The Faces of Luminex: Stephen Angeloni, Field Applications
Maybe you’ve come up with a great new idea for a multiplex assay, but you need some assistance optimizing the reagents. Or perhaps you just want some training in assay design to streamline internal development. When it comes to helping customers make the most of their xMAP® Technology, Stephen Angeloni is there. As a Maryland-based Senior Field Application Scientist, he works closely with customers to make sure their assays run as smoothly as possible. He earned his PhD in biochemistry from Virginia Tech and has been with Luminex since 2011.
Q: What are your responsibilities at Luminex?
A: My job is to help clients build assays on our bead-based technology. I work with them on selecting the best chemistry for their assay needs and help them develop it with their reagents in their lab. My goal is to help them get the assay up and running as soon as possible. We do this for companies, small startups, and even academia in cases where it’s a novel application that highlights the versatility of the Luminex platform.
Q: What did you do before this?
A: Prior to coming to Luminex, I was in academia for a number of years. I studied cancer, obesity, diabetes, vaccine development, and endocrinology. I worked with a number of molecular and proteomic applications as well as genetic, cellular, and protein engineering and helped develop online bioinformatics tools at Northrop Grumman. When I was looking for opportunities in the biotechnology industry, I focused on places that could use all those areas of experience.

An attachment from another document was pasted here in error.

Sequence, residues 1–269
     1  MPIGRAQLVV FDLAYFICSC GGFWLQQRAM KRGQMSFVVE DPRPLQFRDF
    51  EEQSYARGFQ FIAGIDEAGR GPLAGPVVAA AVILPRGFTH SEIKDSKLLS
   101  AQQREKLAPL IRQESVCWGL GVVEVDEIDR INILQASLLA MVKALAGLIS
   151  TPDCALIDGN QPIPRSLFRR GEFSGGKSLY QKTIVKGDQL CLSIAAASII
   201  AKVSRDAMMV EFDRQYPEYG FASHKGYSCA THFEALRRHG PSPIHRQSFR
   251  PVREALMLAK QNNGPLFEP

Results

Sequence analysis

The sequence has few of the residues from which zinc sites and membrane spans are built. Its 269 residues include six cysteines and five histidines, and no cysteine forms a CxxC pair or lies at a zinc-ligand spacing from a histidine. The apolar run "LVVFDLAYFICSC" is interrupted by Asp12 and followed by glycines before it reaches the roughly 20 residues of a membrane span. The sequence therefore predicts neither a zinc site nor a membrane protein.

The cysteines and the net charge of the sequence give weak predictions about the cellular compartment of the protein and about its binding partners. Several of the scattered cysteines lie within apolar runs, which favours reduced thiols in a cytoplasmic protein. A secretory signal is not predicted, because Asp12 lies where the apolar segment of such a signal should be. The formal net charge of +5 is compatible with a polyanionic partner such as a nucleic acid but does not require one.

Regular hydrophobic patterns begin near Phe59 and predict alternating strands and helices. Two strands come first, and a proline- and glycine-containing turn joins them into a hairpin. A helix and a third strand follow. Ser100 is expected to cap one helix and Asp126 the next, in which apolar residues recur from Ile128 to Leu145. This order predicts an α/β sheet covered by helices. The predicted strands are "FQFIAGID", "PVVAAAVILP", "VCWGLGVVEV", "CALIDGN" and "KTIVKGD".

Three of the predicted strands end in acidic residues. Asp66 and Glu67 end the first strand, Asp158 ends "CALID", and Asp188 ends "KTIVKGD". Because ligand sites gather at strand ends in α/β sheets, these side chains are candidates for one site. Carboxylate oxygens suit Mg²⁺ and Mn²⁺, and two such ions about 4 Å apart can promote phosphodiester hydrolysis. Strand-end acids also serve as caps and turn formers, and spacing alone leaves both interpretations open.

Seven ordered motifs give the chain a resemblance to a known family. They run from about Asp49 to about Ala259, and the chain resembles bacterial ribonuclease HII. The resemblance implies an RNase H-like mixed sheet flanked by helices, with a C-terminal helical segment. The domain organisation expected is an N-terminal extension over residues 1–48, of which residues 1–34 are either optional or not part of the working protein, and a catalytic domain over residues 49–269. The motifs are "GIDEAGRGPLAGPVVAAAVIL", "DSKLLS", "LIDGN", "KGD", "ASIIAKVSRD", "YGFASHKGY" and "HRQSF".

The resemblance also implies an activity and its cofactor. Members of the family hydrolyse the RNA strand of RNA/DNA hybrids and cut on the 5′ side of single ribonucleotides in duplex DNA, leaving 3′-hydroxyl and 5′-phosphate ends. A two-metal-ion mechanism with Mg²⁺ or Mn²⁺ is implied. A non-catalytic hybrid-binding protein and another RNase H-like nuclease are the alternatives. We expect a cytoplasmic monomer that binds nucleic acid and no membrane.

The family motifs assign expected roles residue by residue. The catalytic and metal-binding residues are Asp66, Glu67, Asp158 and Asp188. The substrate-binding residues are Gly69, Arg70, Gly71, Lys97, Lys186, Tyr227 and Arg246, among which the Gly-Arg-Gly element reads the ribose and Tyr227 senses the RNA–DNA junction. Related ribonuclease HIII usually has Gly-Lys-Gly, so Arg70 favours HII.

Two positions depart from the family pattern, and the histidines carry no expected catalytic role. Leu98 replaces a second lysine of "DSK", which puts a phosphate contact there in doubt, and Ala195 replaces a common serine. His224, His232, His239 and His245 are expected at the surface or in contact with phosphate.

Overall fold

Q: What drew you to Luminex?
A: When I first learned about the Luminex platform, I noticed its broad versatility for the development of proteomic and genomic applications. These characteristics, along with the ability to multiplex, convinced me that this was a platform that would revolutionize research and diagnostics. This was the type of platform that my diversified experience could promote in different research and diagnostic markets.
Q: If you could solve any clinical or genetic challenge, what would it be?
A: I would want to have more multiplex diagnostic assays that could fine-tune personalized medical diagnostics and treatment strategies. I recognized during my cancer research days that there are so many personal variations in all non-infectious diseases that produce the same clinical symptoms but can have different underlying biological causes from person to person.
Q: If you weren’t at Luminex, where would you be?
A: When I first started in science, I was more interested in plant or livestock genetic engineering. At the time these opportunities weren’t as available, but I would have enjoyed a career path in these fields.
Q: What is something about you that no one at Luminex knows?
A: I was once scuba diving 100 feet under water and ran out of air. I was spearfishing with a friend off of Cape Florida near Biscayne Bay in Miami. When my air supply started to run low, I was at the top of the reef and my friend was at the bottom of the reef. I tried to get to my friend but a big hog snapper shot out of the reef and he swam after it. By then my tank was totally dry, so I followed him, took my speargun, and jabbed him in the calf. When he saw my “no air” signal, he handed me his spare regulator.
Q: What is your favorite thing to do in Maryland on the weekend??
A: We live near a big reservoir, so whenever we can we go out there for walks. I also like to go fishing, sailing, hiking, or camping when the weather’s nice.